Another country

I have a strange (according to Rupert) and enduring love of England, and more specifically an England that I suspect no longer exists.

It is an England full of nice middle-class people drinking tea on lush lawns and playing tennis as the sun sets while someone mixes the Pimm’s and everyone behaves like they’re in a PG Wodehouse book. It is an England that you probably only see in films like Howard’s End. But nonetheless I get a glimpse of it every now and again and I am filled with longing to be there.

I had a tearful and terrible longing on Friday as I watched the Household Cavalry perform the famous Musical Ride. The music was emotive; I vow to thee, my country; the Black Beauty theme; Land of Hope and Glory. The Horses and men in perfect synchrony and the buckles all so shiny you could have plucked your eyebrows in them. I was unaccountably happy that the children were witnessing this. Even if it broke my heart that they knew none of the words to any of the songs.

cavalry

The other thing that is heartbreaking is that much in the same way that I have a terribly romantic view of Blighty, they have a rose-coloured view of France. Everything that is bad here is followed by a “that wouldn’t happen in France”, every time any holidays are discussed all the talk is of going back to Sainte Cecile.

I wonder if this is a symptom of any child taken from a country at an early age? And I also wonder if by the time they grow up, the France they long for will still exist?

Copyright: Helena Frith Powell 2009

5 thoughts on “Another country

  1. I think you tend to remember the good things and forget the bad. We have a need for longing as well, it helps us forget the present drudge and when things go against us it is nice to think that they might be different. The trick is to try to live in the present not the past or the future or we will end up like the Swedish poetess Karin Boye described it: all those days that came and went, I did not realise that was life…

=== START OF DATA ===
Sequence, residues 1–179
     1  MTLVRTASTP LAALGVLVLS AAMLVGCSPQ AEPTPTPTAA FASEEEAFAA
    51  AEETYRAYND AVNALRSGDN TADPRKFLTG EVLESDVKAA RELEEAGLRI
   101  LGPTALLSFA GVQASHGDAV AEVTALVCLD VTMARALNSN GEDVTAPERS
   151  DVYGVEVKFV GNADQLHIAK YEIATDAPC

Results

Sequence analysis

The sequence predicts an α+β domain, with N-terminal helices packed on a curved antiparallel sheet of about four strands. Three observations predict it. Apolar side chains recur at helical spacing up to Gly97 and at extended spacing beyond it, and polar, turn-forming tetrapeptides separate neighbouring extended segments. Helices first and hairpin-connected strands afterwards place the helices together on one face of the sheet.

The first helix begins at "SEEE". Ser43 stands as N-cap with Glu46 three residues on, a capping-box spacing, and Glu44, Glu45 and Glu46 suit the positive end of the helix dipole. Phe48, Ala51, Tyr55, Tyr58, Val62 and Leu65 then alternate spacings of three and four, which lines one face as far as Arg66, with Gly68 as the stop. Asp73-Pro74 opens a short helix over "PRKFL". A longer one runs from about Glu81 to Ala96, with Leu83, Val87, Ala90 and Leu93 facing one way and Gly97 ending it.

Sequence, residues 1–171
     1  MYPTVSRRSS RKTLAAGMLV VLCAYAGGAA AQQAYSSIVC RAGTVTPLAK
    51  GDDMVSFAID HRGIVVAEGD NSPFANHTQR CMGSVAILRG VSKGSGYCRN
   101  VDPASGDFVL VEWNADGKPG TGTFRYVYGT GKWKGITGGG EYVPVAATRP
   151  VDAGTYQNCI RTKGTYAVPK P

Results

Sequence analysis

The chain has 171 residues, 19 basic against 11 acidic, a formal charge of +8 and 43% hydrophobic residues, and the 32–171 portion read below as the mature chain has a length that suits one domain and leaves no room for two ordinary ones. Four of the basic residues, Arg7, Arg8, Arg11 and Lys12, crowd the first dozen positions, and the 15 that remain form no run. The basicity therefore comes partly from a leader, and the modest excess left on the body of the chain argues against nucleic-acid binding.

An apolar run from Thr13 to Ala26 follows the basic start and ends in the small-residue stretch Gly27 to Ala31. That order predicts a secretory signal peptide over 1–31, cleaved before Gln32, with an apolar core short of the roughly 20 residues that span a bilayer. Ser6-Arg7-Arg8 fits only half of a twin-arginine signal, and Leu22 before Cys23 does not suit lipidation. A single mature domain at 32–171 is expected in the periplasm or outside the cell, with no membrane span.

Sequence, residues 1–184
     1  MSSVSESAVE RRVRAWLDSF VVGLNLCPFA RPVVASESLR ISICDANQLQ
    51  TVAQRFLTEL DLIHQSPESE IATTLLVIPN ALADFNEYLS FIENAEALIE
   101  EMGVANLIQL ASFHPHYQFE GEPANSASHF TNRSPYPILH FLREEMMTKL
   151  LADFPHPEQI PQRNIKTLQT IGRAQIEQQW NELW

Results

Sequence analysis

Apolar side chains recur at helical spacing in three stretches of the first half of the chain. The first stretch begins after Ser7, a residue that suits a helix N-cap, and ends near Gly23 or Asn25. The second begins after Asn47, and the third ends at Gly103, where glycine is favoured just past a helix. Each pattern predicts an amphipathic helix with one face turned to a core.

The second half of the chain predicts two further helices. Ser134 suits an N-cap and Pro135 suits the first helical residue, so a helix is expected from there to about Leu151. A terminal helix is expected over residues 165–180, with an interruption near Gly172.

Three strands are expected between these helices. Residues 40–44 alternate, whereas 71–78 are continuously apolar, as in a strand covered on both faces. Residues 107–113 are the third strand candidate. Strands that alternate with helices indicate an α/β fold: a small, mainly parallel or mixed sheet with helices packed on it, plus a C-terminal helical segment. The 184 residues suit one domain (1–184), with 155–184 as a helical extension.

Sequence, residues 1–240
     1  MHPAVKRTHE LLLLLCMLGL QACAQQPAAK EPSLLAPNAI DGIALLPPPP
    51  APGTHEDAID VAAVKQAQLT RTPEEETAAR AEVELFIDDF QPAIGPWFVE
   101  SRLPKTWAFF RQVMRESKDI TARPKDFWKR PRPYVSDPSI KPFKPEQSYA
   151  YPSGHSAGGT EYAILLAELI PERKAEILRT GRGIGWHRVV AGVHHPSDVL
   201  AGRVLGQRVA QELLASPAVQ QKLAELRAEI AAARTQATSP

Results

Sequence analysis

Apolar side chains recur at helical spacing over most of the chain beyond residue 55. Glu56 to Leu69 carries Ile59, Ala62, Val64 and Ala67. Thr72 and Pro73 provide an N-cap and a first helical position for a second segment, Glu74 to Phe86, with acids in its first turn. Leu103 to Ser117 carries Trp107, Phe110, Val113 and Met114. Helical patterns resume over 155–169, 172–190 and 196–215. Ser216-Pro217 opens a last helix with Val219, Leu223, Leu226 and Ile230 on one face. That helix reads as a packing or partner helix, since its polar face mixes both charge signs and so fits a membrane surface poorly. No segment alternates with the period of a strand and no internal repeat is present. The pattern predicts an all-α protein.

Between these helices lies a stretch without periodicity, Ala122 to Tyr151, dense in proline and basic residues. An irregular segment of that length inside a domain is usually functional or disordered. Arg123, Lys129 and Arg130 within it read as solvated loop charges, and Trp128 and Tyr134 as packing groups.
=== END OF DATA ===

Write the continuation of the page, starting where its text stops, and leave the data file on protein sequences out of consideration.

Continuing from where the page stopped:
2. The other man’s grass is always greener, yet on my travels abroad, any desire to move to exotic and foreign climes, is dismissed by the realisation that the greenness of Britain is what I would miss most. Tennis and croquet on the lawn with a jug of Pimms notwithstanding.

  3. Dear Snusmormor, you are absolutely right. But…Helena is a writer. Feeling nostalgic is part of a writer’s emotional makeup. A writer constantly feels the need to answer the question “What if?”. That is how a story comes to life.
    The thing is for us writer, our life is just not enough. We need to make up stories. It’s actually a very healthy way not to become a compulsive liar.

  4. Helena, I suspect your nationality make-up is possibly more complex than mine but friends in Britain never fail to tell me that I’ve acquired a deeper love of the country since I’ve been gone than I ever had when I lived there.
    Maybe (and excuse the pun) it’s a case of the grass always being greener? Maybe it’s because our lives here in the Gulf are so radically different from what we experienced back in Belaity? And can there be a greater contrast?
    This “oh to be in England feeling” hits me each and every summer with the opening of the Chelsea Garden Show. I love sitting behind drawn curtains, a/c blasting away watching coverage of cool, damp Ascot and then, the following week, Wimbledon. I weep when I read Proms’s programmes. Sit mesmerised by Test Match Special via the Internet on steaming hot summer nights in Dubai.
    It’s an association of ideas and for many expats it reminds them of their youth, growing up, family, old friends in a familiar environment in which they generally (tho’ not always) feel at home. For it IS home (for many of us). And no matter how long we’ve been gone or how far we travelled, we will never loose that. Thank goodness.

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